Monday, May 27, 2013

The Size of Safety Database In Drug Development Program

In planning the clinical program for drug approval, in addition to the efficacy assessment, the adequate size of the safety database is usually required by the regulatory agencies. Unlike the efficacy assessment while the sample size can be calculated, the size of safety database is a little bit vague. The size of safety database is often included in the pre-IND  meeting with FDA because the sponsor would like to understand the expectation from FDA regarding the size of safety database. There could be situations that the sample size for demonstrating the efficacy is relatively small and the overall clinical development (cost) would largely depend on the size of safety database.

The reference guidelines regarding the size of safety database are mainly the ICH E1 (The Extent of Population Exposure to Assess Clinical Safety for Drugs Intended for Long-term Treatment of Non-Life-Threatening-Conditions) and FDA guidance “Premarketing Risk Assessment”. The guidance is pretty specific in terms of the size of safety database “For products intended for long-term treatment of non-life-threatening conditions, (e.g., continuous treatment for 6 months or more or recurrent intermittent treatment where cumulative treatment equals or exceeds 6 months)

the ICH and FDA have generally recommended that 1500 subjects be exposed to the investigational product (with 300 to 600 exposed for 6 months, and 100 exposed for 1 year).  For those products characterized as chronic use products in the ICH guidance E1A, FDA recommends that the 1500 subjects include only those who have been exposed to the product in multiple dose studies, because many adverse events of concern (e.g., hepatotoxicity, hematologic events) do not appear with single doses or very short-term exposure. Also, the 300 to 600 subjects exposed for 6 months and 100 subjects exposed for 1 year should have been exposed to relevant doses (i.e., doses generally in the therapeutic range)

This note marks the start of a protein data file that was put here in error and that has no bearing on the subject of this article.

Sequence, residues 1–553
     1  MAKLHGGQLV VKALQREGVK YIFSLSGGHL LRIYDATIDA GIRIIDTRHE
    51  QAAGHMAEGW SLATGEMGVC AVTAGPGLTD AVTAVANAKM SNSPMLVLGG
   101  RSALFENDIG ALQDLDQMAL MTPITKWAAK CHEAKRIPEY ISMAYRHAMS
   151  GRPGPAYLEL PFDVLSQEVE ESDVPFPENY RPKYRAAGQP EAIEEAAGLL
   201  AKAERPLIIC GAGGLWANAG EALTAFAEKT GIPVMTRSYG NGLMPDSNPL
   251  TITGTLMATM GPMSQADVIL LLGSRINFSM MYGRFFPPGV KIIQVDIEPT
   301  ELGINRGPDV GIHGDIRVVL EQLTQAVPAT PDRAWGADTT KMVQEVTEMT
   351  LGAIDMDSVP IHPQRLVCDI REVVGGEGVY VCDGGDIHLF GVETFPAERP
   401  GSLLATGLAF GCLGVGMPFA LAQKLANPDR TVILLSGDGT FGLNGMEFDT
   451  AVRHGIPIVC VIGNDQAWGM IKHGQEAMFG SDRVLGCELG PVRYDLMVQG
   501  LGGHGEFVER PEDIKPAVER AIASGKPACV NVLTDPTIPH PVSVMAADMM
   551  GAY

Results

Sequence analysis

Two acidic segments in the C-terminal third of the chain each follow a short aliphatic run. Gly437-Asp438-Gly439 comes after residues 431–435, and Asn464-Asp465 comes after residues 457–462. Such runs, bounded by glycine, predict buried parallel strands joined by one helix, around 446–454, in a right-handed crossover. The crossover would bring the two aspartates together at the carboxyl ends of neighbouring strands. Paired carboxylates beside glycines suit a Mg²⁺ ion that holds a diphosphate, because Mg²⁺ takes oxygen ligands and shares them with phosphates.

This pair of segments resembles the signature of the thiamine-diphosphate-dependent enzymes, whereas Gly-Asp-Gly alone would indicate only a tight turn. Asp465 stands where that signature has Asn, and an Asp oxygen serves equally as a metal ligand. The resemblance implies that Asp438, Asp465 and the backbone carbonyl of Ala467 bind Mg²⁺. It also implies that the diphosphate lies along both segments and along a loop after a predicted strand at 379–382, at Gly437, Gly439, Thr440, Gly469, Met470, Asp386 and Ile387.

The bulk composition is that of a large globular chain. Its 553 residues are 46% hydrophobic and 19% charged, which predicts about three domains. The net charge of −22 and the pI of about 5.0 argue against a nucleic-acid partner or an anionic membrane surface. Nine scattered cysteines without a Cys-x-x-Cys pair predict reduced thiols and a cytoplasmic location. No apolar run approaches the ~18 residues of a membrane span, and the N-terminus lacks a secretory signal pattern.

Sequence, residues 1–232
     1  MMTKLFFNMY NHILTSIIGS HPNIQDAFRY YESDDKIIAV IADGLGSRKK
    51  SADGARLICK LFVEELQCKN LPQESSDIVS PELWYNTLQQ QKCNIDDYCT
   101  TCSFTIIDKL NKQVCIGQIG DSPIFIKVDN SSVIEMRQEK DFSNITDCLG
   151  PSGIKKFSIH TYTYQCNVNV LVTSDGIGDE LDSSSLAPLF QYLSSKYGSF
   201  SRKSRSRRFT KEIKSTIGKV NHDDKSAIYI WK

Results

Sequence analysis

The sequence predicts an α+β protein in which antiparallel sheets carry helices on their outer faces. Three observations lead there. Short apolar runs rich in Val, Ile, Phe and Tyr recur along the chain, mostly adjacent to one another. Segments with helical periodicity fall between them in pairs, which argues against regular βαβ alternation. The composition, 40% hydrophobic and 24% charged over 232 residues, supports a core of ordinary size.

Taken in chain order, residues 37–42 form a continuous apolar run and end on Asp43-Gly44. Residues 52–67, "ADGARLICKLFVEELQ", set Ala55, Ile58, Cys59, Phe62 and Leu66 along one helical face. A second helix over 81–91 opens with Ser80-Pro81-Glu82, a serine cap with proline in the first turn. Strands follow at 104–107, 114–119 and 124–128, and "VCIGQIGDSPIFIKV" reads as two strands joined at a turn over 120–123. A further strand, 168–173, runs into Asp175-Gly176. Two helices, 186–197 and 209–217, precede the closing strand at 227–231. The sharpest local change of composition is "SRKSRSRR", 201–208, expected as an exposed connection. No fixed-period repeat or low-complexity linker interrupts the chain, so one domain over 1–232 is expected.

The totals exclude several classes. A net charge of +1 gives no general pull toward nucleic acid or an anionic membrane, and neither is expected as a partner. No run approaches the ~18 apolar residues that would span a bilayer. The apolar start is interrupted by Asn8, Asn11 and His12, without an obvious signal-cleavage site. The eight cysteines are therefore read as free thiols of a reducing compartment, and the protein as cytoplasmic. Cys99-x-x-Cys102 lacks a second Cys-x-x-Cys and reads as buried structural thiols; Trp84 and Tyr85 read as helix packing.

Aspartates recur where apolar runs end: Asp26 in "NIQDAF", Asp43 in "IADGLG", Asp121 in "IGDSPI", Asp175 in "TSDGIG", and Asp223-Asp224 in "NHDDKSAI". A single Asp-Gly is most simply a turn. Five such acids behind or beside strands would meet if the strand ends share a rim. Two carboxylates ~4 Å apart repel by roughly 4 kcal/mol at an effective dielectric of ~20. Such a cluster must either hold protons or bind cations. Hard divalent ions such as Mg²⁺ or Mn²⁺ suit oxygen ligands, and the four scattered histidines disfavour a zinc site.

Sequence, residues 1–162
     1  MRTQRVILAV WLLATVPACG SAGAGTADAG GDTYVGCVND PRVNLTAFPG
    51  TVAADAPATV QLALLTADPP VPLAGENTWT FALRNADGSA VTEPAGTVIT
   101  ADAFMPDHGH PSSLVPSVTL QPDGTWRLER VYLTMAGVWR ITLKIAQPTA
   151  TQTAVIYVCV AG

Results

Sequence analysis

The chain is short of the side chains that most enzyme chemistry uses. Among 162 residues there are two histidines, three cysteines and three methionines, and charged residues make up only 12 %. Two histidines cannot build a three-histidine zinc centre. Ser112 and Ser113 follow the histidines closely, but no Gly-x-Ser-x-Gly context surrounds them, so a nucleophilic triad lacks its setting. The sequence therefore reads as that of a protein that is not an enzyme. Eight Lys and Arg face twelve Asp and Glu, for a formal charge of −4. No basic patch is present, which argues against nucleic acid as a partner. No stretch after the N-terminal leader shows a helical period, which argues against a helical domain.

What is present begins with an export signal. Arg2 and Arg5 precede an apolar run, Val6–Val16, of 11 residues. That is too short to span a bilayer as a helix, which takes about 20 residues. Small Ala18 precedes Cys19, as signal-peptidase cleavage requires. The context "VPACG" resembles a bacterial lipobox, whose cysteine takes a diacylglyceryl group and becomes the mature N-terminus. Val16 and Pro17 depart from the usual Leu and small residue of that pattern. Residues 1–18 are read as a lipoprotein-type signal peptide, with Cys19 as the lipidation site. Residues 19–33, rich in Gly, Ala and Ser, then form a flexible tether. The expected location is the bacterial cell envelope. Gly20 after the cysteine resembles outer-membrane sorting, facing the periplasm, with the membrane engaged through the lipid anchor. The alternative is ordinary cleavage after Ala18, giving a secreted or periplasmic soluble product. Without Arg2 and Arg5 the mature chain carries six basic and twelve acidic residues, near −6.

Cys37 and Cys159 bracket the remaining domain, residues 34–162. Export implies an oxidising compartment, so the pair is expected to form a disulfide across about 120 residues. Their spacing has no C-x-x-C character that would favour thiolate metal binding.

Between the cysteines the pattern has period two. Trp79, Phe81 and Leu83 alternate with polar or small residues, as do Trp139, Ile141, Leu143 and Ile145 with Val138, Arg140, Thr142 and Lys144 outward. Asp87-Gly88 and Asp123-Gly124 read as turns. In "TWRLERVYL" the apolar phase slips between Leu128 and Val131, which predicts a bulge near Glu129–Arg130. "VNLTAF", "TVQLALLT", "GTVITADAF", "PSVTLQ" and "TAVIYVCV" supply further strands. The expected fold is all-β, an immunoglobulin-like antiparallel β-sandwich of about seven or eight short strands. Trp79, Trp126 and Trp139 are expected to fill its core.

In product label, the corresponding sample database description is provided in FDA guidance “Adverse Reactions Section of Labeling for Human Prescription Drug and Biological Products — Content and Format
The data described below reflect exposure to drug X in [n] patients, including [n] exposed for 6 months and [n] exposed forgreater than one year. Drug X was studied primarily in placeboand active-controlled trials (n = __, and n = ___, respectively), and in long-term follow up studies. The population was [age range], [gender distribution], [race distribution] and had [diseases/conditions]. Most patients received doses [describerange, route of administration, frequency, duration, as appropriate].
However, for products intended for short-term or acute use and for products intended to treat life-threatening diseases, the guidance did not provide the specific requirement. The requirement of the size of safety database is usually based on the discussion with the review devision of the regulaory agency. FDA guidance “Premarketing Risk Assessment” did provide some general guidelines:

“Safety databases for products intended to treat life-threatening diseases, especially in circumstances where there are no alternative satisfactory treatments, are usually smaller than for products intended to treat diseases that are neither life-threatening nor associated with major, irreversible morbidity. A larger safety database may be appropriate if a product’s preclinical assessment or human clinical pharmacology studies identify signals of risk that warrant additional clinical data to properly define the risk. The appropriate size of the preapproval safety database may warrant specific discussion with the relevant review division. For instance, 21 CFR 312.82(b) (subpart E) provides that for drugs intended to treat life-threatening and seriously debilitating illnesses, end-of-phase 1 meetings can be used to agree on the design of phase 2 trials “with the goal that such testing will be adequate to provide sufficient data on the drug’s safety and effectiveness to support a decision on its approvability for marketing.”